- A new study confirms that menopausal women who feel their memories declining actually experience more forgetfulness, and links the duration of subjective menopause memory loss to the frequency of hot flashes.
- A new study finds that repair molecules produced by functional BRCA1, the "breast cancer gene," keep egg cells from self-destructing.
- A new study debunks previous claims that a woman's removal of her uterus puts her at greater risk of cardiovascular problems.
- Many US residency programs do not fulfill the educational goals of their residents in menopause medicine.
- Researchers say moderate alcohol consumption has no effect on survival rate in breast cancer patients and can even prevent against cardiovascular risk.
- Symptoms of menopause such as hot flashes and night sweats may be a result of high blood pressure levels during a woman's pregnancy.
- A Chinese herbal formula halved the number of hot flashes menopausal women experienced, a Hong Kong study showed. The frequency of daily hot flashes dropped by 62 percent for women taking a herbal...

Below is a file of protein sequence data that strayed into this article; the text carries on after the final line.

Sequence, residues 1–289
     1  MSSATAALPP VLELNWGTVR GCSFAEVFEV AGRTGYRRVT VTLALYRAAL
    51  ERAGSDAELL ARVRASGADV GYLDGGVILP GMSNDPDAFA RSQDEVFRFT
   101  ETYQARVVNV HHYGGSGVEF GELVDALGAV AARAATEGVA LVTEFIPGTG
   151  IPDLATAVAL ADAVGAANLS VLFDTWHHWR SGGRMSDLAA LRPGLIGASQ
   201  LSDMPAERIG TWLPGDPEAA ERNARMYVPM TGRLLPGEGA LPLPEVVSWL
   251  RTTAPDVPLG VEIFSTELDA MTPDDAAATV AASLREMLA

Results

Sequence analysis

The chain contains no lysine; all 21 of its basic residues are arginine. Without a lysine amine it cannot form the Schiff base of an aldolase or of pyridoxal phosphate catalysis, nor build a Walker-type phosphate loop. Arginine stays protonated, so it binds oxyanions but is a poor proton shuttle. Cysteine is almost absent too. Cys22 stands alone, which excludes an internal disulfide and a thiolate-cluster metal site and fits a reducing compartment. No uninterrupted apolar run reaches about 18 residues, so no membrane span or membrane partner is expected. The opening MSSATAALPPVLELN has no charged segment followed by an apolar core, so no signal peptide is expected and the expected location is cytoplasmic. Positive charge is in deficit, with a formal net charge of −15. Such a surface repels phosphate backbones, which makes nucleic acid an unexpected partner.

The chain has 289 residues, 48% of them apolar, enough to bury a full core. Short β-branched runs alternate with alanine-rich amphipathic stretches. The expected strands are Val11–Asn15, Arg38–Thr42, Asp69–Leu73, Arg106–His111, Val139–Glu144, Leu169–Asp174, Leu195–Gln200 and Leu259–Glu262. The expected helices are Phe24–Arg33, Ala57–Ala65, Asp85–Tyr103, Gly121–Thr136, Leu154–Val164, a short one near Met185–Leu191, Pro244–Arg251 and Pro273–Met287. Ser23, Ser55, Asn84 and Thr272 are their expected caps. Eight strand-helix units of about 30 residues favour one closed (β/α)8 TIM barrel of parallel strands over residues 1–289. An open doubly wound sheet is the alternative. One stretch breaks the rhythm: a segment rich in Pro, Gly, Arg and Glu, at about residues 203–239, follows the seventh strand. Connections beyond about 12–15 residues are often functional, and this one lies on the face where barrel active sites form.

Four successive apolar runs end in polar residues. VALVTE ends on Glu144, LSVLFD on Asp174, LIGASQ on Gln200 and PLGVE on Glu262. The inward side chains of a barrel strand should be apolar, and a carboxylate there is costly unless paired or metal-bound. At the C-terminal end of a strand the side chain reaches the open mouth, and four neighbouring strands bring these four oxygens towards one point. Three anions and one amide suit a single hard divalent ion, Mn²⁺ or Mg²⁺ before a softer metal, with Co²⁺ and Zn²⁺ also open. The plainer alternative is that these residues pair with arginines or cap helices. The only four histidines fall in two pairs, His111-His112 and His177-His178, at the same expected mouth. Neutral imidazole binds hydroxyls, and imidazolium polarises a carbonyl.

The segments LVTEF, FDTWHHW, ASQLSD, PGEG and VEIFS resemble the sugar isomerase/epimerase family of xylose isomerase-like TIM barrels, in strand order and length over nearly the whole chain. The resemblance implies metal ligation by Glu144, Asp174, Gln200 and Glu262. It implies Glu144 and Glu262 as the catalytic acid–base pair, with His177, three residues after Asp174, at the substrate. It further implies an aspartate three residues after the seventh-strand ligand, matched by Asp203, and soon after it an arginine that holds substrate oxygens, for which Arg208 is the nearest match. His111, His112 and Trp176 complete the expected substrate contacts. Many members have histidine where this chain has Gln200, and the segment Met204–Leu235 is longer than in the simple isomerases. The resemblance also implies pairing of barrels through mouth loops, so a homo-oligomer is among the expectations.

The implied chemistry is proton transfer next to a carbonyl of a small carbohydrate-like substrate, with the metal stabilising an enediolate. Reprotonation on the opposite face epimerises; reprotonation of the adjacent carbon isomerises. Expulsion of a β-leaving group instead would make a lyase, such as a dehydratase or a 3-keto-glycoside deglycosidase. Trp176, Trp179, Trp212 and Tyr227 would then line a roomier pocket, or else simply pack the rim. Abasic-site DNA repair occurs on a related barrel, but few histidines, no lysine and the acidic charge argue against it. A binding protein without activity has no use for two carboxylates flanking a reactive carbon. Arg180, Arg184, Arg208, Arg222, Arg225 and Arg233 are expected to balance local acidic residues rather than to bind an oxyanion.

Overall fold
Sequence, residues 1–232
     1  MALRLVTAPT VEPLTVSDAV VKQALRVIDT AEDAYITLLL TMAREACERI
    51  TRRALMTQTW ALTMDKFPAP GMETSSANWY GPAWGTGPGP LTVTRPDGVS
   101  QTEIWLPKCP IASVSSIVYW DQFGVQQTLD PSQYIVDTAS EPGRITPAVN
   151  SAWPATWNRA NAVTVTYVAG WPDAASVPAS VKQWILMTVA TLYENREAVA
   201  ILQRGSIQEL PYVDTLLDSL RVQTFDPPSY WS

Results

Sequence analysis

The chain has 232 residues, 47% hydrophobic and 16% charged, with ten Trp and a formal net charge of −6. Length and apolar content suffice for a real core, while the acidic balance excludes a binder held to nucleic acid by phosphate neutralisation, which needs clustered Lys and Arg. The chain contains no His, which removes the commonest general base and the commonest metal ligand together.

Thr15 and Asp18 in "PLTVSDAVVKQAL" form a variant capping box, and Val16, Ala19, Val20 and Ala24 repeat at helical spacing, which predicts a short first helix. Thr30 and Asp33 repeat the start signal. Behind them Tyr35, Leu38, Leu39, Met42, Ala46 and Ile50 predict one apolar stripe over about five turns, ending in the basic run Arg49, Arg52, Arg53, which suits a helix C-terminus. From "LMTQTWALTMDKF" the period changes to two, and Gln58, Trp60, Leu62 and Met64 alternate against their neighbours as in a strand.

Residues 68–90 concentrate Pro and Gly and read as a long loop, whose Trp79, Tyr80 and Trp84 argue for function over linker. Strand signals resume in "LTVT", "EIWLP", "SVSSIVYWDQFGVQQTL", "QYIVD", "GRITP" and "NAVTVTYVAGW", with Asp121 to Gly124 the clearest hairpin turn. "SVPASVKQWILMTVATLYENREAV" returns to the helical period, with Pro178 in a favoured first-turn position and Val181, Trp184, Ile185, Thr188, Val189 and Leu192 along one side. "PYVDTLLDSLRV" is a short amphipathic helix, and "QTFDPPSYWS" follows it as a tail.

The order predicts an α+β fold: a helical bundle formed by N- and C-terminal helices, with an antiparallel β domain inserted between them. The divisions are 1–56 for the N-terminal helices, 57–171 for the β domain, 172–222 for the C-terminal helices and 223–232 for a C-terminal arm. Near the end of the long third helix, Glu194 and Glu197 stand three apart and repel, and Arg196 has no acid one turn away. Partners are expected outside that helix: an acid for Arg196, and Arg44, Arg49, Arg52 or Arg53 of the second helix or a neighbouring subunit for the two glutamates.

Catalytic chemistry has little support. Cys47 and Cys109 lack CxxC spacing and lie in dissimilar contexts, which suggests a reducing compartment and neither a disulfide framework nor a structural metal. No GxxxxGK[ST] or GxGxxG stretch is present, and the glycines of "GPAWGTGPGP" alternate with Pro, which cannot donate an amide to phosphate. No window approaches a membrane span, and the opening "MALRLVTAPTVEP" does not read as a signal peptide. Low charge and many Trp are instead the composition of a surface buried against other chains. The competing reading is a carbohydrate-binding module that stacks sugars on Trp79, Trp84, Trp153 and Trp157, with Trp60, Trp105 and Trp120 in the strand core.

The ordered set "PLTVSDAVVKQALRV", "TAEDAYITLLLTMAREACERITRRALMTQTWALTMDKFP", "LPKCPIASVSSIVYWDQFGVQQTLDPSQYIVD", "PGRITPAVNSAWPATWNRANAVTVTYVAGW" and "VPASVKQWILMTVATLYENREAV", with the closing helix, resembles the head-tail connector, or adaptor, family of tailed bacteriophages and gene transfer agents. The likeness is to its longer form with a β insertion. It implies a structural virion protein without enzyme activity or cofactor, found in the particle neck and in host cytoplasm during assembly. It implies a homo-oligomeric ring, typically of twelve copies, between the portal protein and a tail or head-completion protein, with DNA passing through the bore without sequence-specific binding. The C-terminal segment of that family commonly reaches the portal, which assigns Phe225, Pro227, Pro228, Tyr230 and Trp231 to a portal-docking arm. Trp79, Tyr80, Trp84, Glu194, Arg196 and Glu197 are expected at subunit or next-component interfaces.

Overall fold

- Undergoing surgical menopause through the removal of the estrogen-producing ovaries could prompt the onset of cognitive decline and Alzheimer's.
- Here is some moderately good news for women with breast cancer: taking Tamoxifen for 10 years rather than the prescribed five reduces the risk of cancer recurrence and, ultimately, death from the disease.
- Starting Hormone Therapy Within 5 Years After Menopause Cuts Alzheimer's Disease Risk by Nearly a ThirdStarting hormone replacement therapy within five years of menopause may cut the risk of developing Alzheimer's disease by 30 percent in women.
- Researchers warn that chemicals in cosmetics, plastics, and household cleaners could be causing women to go through menopause early.
- The panel said that hormone replacement therapy could elevate the risk of certain health conditions, like strokes.
Menopause is a term used to describe the permanent cessation of the primary functions of the human ovaries: the ripening and release of ova and the release of hormones that cause both the creation of the uterine lining and the subsequent shedding of the uterine lining (a.k.a. the menses or the period). Menopause typically occurs in women in midlife, during their late 40s or early 50s. For some women, the accompanying signs and effects that can occur during the menopause transition years can significantly disrupt their daily activities and sense of well-being.